In connection with this, it is important to build up our own production capacity. However, a serious obstacle prevents the realisation of this type of project. Rogozin himself mentioned this. It is often easier to build a new factory for the production of a particular technology for military purposes than to modernize the old equipment on production lines that are in need of repair. And it is this state of affairs that needs to be addressed urgently in Russia. Sadly, People have already forgotten how to trust the authorities, so the initiative for constructing new production facilities and equipping them with new equipment raises a number of complaints. These complaints relate to suspicions of corruption in certain army reform processes and the modernisation of the military industrial sector. They question why you should build when you can patch up the old ... But do not think that Rogozin's initiatives are waiting to be foiled by corruption and bureaucratic red tape at every turn. Otherwise, you will join the ranks of full-time alarmists that consider any mission by default to be impossible.

What Rogozin talks about is quite promising and feasible. The creation of new industrial enterprises using funds allocated from the state budget can work like a locomotive not only to spur the development of the military industrial sector, but also help bolster Russian industry, and hence the economy. After all, we must not forget that a programme is active in our country to create several million new jobs within the next few years. The concept for building new factories fits best within the overall system for creating new jobs.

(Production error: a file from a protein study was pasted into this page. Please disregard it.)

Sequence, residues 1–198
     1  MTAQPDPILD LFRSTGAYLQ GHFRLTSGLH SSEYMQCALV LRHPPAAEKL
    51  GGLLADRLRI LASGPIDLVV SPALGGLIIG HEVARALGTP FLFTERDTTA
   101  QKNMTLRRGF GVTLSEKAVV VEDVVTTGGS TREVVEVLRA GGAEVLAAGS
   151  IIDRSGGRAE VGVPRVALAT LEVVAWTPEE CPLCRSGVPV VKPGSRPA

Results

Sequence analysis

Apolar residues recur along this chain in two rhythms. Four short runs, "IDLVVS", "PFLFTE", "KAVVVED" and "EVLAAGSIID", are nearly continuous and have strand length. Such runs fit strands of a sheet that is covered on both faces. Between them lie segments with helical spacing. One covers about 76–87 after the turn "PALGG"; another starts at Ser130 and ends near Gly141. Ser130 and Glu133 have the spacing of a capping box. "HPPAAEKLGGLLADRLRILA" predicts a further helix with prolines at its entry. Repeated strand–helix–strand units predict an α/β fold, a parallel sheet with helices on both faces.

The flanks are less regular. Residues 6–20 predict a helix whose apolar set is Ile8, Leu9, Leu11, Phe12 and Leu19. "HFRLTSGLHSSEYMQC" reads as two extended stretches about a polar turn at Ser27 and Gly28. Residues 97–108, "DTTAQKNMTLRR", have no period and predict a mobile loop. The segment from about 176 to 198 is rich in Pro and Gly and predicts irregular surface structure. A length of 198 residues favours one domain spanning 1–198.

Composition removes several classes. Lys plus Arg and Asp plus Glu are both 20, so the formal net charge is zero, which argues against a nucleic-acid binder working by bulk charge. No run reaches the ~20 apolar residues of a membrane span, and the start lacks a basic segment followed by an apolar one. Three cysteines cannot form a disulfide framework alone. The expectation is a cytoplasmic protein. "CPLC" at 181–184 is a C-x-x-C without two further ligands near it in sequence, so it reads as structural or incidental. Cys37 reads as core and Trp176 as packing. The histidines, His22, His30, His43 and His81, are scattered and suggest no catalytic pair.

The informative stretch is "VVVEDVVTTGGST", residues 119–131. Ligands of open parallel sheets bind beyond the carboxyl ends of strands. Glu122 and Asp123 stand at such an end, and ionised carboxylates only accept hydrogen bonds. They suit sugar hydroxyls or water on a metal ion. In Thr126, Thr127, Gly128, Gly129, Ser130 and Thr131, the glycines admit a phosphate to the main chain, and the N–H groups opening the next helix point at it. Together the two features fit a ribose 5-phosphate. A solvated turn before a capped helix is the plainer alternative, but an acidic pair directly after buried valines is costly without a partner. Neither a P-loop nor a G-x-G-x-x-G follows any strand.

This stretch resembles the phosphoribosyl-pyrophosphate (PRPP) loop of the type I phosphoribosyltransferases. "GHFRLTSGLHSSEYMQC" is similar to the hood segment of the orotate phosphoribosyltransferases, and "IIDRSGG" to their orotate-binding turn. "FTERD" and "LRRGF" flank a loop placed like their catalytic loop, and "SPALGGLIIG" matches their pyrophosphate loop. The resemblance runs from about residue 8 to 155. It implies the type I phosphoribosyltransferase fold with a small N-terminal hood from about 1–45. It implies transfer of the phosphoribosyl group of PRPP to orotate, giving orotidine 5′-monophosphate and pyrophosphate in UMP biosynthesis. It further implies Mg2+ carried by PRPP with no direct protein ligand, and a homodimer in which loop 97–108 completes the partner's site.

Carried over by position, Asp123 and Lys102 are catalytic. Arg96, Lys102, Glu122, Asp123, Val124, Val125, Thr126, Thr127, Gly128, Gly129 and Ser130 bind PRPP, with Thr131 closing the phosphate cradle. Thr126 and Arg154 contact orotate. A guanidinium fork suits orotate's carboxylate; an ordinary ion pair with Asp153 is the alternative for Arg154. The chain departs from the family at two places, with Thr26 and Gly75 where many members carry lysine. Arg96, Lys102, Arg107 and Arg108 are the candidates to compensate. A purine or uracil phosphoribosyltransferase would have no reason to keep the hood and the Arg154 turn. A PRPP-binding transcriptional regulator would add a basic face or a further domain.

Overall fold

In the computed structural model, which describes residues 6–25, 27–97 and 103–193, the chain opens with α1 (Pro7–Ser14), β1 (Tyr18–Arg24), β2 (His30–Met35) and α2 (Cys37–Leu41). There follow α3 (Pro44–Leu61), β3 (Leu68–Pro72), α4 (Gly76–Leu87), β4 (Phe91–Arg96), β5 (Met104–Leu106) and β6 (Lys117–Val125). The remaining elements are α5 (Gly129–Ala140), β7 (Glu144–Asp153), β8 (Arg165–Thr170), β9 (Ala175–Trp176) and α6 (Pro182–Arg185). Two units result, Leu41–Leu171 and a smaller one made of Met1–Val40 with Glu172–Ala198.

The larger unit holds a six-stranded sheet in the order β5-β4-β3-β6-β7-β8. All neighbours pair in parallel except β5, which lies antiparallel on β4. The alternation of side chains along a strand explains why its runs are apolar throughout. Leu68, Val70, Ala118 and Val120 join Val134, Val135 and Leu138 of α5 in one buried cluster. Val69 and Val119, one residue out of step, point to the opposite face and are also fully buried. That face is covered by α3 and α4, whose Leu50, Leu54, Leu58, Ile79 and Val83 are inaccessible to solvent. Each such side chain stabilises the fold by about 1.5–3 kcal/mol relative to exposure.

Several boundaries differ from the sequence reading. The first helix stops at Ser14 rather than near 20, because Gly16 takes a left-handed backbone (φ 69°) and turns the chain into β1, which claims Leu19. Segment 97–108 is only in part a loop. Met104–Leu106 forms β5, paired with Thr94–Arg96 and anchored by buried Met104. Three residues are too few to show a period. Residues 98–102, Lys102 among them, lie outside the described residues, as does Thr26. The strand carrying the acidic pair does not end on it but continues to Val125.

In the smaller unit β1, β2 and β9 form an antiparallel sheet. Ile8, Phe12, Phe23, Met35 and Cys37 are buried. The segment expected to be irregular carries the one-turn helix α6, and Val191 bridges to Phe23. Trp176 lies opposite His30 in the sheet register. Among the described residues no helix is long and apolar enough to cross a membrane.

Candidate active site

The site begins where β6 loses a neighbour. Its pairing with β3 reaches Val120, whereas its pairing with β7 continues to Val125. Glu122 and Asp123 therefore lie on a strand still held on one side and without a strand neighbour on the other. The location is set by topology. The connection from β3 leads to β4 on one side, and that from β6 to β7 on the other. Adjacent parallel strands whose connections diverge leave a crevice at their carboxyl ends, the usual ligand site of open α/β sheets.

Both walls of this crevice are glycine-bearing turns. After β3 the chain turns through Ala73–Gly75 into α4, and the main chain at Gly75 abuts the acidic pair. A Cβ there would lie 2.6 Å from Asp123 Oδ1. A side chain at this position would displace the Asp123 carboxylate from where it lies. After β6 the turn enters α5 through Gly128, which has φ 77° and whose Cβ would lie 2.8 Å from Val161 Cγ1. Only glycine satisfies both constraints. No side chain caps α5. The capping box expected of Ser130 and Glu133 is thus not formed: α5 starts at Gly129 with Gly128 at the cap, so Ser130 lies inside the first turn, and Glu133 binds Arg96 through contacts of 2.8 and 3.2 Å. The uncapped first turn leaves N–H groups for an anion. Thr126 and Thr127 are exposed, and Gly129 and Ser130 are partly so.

If we talk about joint Russian-foreign partnerships, then this also has its positive aspects. Besides the obvious advantages associated with an increase in bilateral trade, joint partnerships also promise to foster the exchange of best practices. And here do not think that Russia will fall into a kind of dependence on foreign partners. It is necessary to ensure the functioning of a sound legal framework within these joint ventures that will regulate the exchange of technologies and joint-financing projects. Of course, creating a balanced legal framework for this activity is sometimes much harder than carrying out a direct partnership, but the legal environment should ensure the compliance of all parties with financial commitments as well as intellectual property rights. Here we must pay attention to the fact that Russia is already involved in many joint projects: for example, the creation of BrahMos Russian-Indian missiles. This anti-ship missile is created by integrating the capabilities of the Russian MIC NPO Mashinostroyenia and the Indian DRDO on the basis of the Russian Yakhont. The project for creating and delivering 200 BrahMos missiles to India cost about $4 billion. You could imagine what financial opportunities could be uncovered if there were many more such joint ventures.

Based on the results of 2011, Russia became 6th in the world in terms of defence spending overtaking Germany. This suggests that Russia's prospects of cooperating with other countries interested in modernising their own armies are manifold. If financial resources, the state budget permitting, could be used today, then it is possible to say that tomorrow Russia can expect not only a substantive modernisation of its military industrial sector, but also substantial progress for the entire economy.